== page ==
Executive Briefings

A Dutch Solution to the Distribution Challenge in the EU

Despite increased congestion, higher costs and more demanding consumers throughout the EU, the logistics-savvy Netherlands again has proved that it is the right choice for global companies looking for a European base of distribution operations. The European Union, with its 450 million inhabitants and its prospects for greater population expansion and prosperity, is a market every multinational company must prize. But serving this expanding market has become an increasingly complex supply chain challenge. The cost and availability of land, labor, energy and transportation, as well as with growing problems with congestion and environmental regulations make facility site location a make-or-break decision for supply chain success.

"Five or 10 years ago, 80 percent of the European distribution centers (EDCs) were in the Netherlands," says Roy Lenders, a vice president with the Capgemini consulting firm in Utrecht. "Today Belgium is even with the Netherlands in attracting new EDCs and Germany is coming on strong. Even Ireland is gaining attention because of tax benefits, even though it is not a logistically convenient place to locate Europe distribution operations."

Thus, many European countries are aggressively seeking foreign investment in distribution facilities, so the Dutch government is again bringing the full force of its efforts on attracting logistics investment. These efforts are paying off. According to the Netherlands Foreign Investment Agency, about 45 percent of all new EDCs are locating in Holland.

"Holland intends to maintain its top place in Europe for foreign investment in logistics, which accounts for nearly 10 percent of our entire GDP," says Jochum Haakma, managing director for NFIA in The Hague. Corporate income taxes have been lowered from 35 percent to 25.5 percent. Customs duties and value-added taxes are handled administratively, meaning that companies can pay them periodically, not with every transaction as with many EU countries. The government also supports an agency called the Holland International Distribution Council (HIDC) made up of 500-third party logistics providers (3PLs), forwarders and carriers to help foreign companies find the right logistics service partners in Holland.
http://www.supplychainbrain.com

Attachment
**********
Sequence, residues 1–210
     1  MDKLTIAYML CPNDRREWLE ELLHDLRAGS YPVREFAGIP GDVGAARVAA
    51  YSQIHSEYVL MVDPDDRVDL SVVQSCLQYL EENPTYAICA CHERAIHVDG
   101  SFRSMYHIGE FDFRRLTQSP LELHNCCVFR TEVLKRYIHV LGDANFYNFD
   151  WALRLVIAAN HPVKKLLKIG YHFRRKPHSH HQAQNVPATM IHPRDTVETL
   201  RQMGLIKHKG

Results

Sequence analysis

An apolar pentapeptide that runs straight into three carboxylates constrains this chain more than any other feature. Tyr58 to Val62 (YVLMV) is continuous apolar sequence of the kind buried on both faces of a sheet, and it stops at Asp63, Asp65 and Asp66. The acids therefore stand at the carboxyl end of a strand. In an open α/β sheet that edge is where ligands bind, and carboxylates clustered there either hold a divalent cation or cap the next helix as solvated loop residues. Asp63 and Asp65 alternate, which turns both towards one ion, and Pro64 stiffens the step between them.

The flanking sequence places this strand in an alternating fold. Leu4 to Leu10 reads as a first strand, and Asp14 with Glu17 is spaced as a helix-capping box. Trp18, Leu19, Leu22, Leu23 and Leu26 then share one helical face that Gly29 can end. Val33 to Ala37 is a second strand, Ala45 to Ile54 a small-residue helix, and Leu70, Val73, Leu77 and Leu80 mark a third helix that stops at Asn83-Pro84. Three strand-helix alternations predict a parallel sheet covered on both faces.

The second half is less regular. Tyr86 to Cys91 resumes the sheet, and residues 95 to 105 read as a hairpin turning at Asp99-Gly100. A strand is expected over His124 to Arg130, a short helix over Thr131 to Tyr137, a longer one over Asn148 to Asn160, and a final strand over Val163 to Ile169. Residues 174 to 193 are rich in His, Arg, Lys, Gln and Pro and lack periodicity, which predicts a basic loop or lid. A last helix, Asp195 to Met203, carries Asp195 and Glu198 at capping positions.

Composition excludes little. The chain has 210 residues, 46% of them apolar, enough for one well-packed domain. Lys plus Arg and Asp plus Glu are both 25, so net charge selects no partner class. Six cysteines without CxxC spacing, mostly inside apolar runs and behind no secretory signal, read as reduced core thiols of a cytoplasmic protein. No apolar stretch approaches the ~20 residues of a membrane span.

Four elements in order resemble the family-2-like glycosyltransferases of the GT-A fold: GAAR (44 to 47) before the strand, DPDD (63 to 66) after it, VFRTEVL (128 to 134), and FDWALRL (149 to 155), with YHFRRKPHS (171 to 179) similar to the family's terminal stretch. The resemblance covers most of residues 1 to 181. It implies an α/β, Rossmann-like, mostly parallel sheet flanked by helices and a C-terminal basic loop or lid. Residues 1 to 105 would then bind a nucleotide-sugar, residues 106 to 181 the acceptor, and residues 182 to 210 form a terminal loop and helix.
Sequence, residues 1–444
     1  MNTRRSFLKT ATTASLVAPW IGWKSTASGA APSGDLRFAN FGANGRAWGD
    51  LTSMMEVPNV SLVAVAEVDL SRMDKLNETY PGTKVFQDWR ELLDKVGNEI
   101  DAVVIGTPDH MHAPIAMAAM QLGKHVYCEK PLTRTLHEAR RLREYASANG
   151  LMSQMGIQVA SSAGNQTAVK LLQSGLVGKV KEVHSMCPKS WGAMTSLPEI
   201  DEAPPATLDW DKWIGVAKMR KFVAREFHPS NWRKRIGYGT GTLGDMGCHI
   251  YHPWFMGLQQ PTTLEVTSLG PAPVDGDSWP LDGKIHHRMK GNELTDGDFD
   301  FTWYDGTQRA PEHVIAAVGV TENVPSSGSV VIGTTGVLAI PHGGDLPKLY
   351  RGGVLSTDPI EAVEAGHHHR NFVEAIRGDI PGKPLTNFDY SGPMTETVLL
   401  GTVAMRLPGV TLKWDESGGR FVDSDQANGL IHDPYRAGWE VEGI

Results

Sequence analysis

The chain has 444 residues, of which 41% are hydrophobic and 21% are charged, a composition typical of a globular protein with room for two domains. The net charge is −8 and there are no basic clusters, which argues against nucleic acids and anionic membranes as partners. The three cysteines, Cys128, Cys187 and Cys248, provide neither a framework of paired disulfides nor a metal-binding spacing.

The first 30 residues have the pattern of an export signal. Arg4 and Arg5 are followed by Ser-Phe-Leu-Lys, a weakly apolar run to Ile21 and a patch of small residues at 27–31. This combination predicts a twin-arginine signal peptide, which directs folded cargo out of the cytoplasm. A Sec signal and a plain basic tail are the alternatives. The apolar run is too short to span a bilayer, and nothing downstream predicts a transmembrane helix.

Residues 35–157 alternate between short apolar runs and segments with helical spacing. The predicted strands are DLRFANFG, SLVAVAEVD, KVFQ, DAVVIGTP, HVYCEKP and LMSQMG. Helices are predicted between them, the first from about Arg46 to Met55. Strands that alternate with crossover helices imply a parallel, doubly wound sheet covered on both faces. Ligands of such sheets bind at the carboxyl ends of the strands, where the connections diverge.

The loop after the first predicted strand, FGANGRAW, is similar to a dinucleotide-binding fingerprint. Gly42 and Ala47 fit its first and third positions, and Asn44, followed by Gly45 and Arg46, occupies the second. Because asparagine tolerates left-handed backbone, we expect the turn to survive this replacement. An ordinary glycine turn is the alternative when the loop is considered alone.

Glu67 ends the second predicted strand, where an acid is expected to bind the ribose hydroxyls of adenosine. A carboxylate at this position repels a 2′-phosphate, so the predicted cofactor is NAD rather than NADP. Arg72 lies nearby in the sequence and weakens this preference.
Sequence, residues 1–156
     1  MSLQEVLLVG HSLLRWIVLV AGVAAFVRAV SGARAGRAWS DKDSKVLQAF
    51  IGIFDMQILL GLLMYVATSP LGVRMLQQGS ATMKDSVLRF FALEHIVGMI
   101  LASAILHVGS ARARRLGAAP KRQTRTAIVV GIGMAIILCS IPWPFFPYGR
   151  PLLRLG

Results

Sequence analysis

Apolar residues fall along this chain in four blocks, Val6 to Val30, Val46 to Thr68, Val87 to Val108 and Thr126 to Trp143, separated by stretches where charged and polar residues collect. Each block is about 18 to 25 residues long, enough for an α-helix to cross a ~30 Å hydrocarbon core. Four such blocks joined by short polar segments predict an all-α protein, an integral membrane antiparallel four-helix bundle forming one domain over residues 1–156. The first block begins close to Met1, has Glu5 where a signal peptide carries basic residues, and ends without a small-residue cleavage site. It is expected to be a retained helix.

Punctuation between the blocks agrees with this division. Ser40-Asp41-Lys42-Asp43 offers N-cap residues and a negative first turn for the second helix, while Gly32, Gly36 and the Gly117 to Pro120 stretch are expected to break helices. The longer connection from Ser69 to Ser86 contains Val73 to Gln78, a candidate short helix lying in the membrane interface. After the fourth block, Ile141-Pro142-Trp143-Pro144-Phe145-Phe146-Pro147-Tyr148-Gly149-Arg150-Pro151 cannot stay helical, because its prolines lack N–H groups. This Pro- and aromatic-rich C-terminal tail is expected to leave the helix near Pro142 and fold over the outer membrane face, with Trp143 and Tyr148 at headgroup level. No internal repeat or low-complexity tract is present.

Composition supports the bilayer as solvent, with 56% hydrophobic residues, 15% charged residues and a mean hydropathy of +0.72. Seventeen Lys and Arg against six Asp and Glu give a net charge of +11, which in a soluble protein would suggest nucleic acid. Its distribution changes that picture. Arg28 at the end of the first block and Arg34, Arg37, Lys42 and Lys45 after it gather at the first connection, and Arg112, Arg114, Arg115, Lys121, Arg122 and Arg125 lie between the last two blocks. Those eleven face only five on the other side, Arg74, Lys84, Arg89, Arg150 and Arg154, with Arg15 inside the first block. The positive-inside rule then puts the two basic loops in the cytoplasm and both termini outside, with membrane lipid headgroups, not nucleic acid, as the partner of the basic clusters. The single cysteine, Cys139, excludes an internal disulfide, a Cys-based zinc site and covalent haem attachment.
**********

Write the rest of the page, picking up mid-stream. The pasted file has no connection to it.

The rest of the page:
Despite increased congestion, higher costs and more demanding consumers throughout the EU, the logistics-savvy Netherlands again has proved that it is the right choice for global companies looking for a European base of distribution operations. The European Union, with its 450 million inhabitants and its prospects for greater population expansion and prosperity, is a market every multinational company must prize. But serving this expanding market has become an increasingly complex supply chain challenge. The cost and availability of land, labor, energy and transportation, as well as with growing problems with congestion and environmental regulations make facility site location a make-or-break decision for supply chain success.

"Five or 10 years ago, 80 percent of the European distribution centers (EDCs) were in the Netherlands," says Roy Lenders, a vice president with the Capgemini consulting firm in Utrecht. "Today Belgium is even with the Netherlands in attracting new EDCs and Germany is coming on strong. Even Ireland is gaining attention because of tax benefits, even though it is not a logistically convenient place to locate Europe distribution operations."

Thus, many European countries are aggressively seeking foreign investment in distribution facilities, so the Dutch government is again bringing the full force of its efforts on attracting logistics investment. These efforts are paying off. According to the Netherlands Foreign Investment Agency, about 45 percent of all new EDCs are locating in Holland.

"Holland intends to maintain its top place in Europe for foreign investment in logistics, which accounts for nearly 10 percent of our entire GDP," says Jochum Haakma, managing director for NFIA in The Hague. Corporate income taxes have been lowered from 35 percent to 25.5 percent. Customs duties and value-added taxes are handled administratively, meaning that companies can pay them periodically, not with every transaction as with many EU countries. The government also supports an agency called the Holland International Distribution Council (HIDC) made up of 500-third party logistics providers (3PLs), forwarders and carriers to help foreign companies find the right logistics service partners in Holland.
http://www.supplychainbrain.com